Empirical results show the market orientation and performance relationship in manufacturing sectors (Nwokah, 2006; Mokhtari et al., 2013; Idar et al. ; 2012) but these two terms are also inter linked in context of service firms also (Caruna et al., 1998; Wood et al., 1998; Singh, 2009; Cheng and Krumweide, 2010, Jalali et al., 2013; and Fathi et al., 2013). Most commonly, services are assumed intangible, inseparable, and heterogeneous but customer plays an important role in the service process. To include the customer on the central level in the service process and building the true relationships with the customers to boost up the brand value of customers, all these are encouraged by market orientation (McNaughton et al., 2002). Some studies told that there are direct link between market orientation and performance (Mahmoud, 2011; Jaiyeoba, 2014; Idar, 2012; Oniku, 2009; Mokhtari, 2013; Amini and Habibi, 2013; Dwairi, 2012; Singh, 2009; Wood et al., 1998; Klaib, 2012; and Fathi, 2013).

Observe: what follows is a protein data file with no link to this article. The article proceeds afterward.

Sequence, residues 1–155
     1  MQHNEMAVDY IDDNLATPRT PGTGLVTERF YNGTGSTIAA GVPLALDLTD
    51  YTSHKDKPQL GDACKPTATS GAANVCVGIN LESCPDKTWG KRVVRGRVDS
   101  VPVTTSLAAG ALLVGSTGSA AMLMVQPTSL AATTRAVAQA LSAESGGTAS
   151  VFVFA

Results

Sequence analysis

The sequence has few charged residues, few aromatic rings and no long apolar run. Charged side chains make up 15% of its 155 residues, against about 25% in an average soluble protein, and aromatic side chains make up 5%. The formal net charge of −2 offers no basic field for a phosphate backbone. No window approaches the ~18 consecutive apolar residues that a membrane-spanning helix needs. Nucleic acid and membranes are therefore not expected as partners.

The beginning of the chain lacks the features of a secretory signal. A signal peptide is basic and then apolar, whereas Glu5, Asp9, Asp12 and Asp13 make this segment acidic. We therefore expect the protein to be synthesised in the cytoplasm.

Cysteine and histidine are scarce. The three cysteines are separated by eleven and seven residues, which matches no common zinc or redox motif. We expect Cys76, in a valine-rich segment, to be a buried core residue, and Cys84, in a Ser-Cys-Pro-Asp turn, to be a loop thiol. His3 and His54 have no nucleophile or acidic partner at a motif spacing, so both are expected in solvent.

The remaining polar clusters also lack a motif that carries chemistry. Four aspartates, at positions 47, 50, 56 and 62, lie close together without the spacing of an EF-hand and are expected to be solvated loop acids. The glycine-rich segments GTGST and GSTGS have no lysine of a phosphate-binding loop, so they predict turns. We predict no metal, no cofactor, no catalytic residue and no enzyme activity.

However, one issue that comes to fore in this context is as to whether the high cost of formal trainings will be translated into beneficial outcomes. In China, the rapid development of its economy in the recent years, has given rise to intensified competition in its banking sector. This intensified competition has tapped not only the need for formal learning but as well as the increased recognition on the power of informal learning to harness professional development that can eventually lead to organizational success. Thus, the aim of this study is to explore on the effectiveness of informal learning in the workplace, specifically in the case of commercial banks in China. In particular, it will evaluate the impact of informal learning on the professional development of employees.
During the period of 1995-2009, the exports hit a high average level. However, Vietnam's export growth was only high when the country is experiencing the fast economic integration. This indicates that the proactive international economic integration and how the process interacts play an important role to Vietnam's economy. Although the share of labor and resource intensive products remains high, the export structure still shows positive shifts, with share of processed products rise. Vietnam's exports different aligned with the world trade, and the world trade growth is proved to be vitally encourage the expansion of exports.